• 98.
    Ruin, Hans
    Södertörn University, School of Culture and Communication, Philosophy.
    The Destiny of Freedom: in Heidegger2008In: Continental philosophy review, ISSN 1387-2842, E-ISSN 1573-0611, Vol. 41, no 3, p. 277-299Article in journal (Refereed)
    Abstract [en]

    The essay recapitulates the decisive steps in Heidegger's development of the problem of human freedom. According to some readers, Heidegger's thinking is a philosophy of freedom throughout; according to others his "turning" implies abandoning the idea of human freedom as a metaphysical remnant. The essay seeks an intermediate path, by following his explicit attempts to develop an ontology based on the concept of freedom in the earlier writings, showing how this is the central theme in his confrontation and also his final break with German idealism, with Kant and with Schelling in particular, and with the prospects for a system of freedom. However, this break does not terminate his preoccupation with the problem of freedom, which is then transformed into the idea of thinking as a practice of freedom, as a way of reaching into "the free".

  • 99.
    Ruin, Hans
    Södertörn University, School of Culture and Education, Philosophy.
    The Inversion of Mysticism: Gelassenheit and the Secret of the Open in Heidegger2018In: Religions, ISSN 2077-1444, E-ISSN 2077-1444, Vol. 10, no 1, article id 15Article in journal (Refereed)
    Abstract [en]

    Abstract: The article explores the topic of Gelassenheit (releasement) in Heidegger, through the lense of the ambiguous role of Christian mysticism in general and Eckhart in particular in and for his thinking. In an analysis of how mysticism appears in his early lectures on religion, it explains why he is critical of this concept and of how it is commonly understood. It also gives reasons for why we too should be cautious in using it to describe his position in his later writings where he explicitly reconnects to themes and concepts from Eckhart. The text provides a critical rehearsal of Eckhart's understanding of both “Abgeschiedenheit” (detachment) and "Gelassenheit" and how Heidegger relates to it both in his early lectures and in his later essays. Ultimately it outlines a phenomenological understanding of what is commonly referred to as a “mystical” comportment more along the lines of a heightened openness and awareness, in Heidegger’s words as a “releasement toward things and an openness to the secret”. Thus, instead of seeing Heidegger’s later writings as a sort of crypto-mysticism, the text seeks to show how his critical appropriation of Eckhart explicitly points beyond a standard dichotomy between the rational and the mystical, in an effort to develop a comportment of thinking than can respond to the demand of modern technological predicament.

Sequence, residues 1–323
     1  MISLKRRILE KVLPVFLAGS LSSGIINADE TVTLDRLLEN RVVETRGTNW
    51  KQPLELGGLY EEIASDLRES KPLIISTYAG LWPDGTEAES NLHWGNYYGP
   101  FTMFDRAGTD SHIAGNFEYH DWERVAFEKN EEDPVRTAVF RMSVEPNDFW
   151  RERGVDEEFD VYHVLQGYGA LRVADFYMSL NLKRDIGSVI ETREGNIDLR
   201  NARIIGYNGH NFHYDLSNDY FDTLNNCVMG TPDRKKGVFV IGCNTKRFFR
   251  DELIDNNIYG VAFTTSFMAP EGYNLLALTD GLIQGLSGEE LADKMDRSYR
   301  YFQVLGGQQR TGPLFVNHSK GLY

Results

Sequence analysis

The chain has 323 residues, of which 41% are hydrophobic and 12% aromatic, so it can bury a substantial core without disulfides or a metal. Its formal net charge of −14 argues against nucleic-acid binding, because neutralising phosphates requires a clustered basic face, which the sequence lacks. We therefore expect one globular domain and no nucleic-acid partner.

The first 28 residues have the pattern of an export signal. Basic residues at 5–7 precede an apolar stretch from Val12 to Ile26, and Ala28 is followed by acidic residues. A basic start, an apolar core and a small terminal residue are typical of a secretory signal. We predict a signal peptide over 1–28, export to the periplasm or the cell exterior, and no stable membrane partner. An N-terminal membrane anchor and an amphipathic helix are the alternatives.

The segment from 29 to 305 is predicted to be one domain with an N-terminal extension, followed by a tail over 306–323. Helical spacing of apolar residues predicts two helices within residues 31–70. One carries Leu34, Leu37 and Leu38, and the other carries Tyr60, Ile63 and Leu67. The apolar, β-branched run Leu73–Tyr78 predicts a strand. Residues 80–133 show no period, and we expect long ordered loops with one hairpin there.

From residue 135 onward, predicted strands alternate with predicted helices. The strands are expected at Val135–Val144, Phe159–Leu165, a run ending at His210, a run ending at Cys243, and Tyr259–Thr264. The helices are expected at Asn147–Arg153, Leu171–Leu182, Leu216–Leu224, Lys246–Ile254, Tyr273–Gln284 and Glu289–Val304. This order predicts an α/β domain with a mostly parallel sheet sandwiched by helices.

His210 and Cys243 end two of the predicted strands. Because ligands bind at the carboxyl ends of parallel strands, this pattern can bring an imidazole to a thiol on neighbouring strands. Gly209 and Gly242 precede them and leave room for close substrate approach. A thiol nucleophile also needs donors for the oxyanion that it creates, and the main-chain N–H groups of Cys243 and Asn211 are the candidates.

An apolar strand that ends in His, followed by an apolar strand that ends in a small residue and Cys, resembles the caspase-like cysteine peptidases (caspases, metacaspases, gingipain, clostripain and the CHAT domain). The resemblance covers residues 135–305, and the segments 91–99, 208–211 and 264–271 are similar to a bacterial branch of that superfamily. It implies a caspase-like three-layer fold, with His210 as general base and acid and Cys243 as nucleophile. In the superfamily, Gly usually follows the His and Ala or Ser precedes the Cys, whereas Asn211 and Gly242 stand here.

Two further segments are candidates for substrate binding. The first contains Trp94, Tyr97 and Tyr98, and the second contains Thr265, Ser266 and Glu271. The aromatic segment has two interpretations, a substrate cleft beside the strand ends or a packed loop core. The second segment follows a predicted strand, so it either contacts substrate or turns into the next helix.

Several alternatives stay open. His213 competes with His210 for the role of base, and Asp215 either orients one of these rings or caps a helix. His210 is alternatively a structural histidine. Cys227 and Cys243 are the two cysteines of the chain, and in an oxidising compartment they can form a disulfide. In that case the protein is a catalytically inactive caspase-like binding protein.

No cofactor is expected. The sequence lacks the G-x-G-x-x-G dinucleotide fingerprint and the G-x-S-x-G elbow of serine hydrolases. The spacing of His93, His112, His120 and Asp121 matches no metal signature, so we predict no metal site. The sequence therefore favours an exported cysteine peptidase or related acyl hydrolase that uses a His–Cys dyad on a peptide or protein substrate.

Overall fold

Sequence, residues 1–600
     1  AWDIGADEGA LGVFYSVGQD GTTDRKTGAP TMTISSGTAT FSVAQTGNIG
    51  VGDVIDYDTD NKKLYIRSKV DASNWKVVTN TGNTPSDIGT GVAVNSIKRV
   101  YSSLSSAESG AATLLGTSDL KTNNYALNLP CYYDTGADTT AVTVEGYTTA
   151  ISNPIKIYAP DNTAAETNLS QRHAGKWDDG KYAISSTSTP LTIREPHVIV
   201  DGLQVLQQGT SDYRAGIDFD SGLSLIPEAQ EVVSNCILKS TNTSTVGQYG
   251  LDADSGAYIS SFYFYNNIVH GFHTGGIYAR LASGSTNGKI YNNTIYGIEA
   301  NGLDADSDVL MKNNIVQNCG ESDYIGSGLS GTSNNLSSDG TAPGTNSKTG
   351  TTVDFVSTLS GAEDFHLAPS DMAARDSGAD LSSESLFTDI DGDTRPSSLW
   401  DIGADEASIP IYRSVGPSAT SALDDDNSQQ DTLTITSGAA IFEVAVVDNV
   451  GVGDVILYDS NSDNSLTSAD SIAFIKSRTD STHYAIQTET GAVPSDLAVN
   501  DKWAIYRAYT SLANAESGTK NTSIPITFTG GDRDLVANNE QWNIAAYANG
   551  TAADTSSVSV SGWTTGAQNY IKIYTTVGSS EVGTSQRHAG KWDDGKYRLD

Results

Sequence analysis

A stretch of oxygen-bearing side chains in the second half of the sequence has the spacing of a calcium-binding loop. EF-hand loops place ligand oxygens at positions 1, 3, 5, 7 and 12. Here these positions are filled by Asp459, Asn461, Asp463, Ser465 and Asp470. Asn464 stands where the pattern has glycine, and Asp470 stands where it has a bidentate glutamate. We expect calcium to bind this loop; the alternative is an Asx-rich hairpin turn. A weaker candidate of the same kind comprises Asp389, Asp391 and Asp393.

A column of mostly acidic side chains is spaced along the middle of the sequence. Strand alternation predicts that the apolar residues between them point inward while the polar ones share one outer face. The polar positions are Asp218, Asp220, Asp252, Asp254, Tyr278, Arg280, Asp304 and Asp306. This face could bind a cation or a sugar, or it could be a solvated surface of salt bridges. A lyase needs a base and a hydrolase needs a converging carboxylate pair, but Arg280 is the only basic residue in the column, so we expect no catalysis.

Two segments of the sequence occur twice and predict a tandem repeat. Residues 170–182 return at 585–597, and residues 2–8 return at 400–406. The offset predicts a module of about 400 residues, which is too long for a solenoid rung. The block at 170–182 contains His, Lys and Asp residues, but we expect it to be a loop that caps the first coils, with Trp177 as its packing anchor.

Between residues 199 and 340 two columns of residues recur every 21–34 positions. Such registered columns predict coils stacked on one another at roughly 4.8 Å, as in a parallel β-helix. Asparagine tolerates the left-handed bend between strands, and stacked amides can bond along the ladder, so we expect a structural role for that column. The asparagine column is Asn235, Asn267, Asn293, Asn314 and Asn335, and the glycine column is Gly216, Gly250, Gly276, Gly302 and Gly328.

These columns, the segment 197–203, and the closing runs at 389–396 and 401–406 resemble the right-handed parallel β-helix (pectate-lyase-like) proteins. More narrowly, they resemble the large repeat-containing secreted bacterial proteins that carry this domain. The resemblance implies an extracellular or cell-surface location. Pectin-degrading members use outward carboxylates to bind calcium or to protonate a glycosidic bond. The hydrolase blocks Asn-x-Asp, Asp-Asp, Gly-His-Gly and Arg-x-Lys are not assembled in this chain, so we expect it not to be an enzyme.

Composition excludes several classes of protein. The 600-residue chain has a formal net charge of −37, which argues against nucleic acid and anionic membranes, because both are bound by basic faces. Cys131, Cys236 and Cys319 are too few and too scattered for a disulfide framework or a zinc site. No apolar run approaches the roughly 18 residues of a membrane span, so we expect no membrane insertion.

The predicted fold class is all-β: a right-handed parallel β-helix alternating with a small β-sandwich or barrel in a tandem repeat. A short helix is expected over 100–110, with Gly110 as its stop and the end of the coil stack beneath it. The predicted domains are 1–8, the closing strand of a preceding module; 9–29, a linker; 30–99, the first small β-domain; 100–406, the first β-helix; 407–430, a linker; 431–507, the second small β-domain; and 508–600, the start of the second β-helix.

• 100. Ruin, Hans
    The Moment of Truth: Augenblick and Ereignis in Heidegger1998In: Epoche: A Journal for the History of Philosophy, ISSN 1085-1968, Vol. 6, no 1, p. 75-88Article in journal (Refereed)
    Abstract [en]

    The text explores the meaning and interrelatedness of two central notions in Heidegger's Augenblick and Ereignis. The former is associated not only with the analysis of temporality in Sein und Zeit, but also to the ideal of the kairological critique, as this is articulated in the earliest writings. The text tries to show how the central notion of Ereignis in the later writings evolves as a reworking of these previous themes.

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  • sv-SE
  • Other locale
More languages
Output format
  • html
  • text
  • asciidoc
  • rtf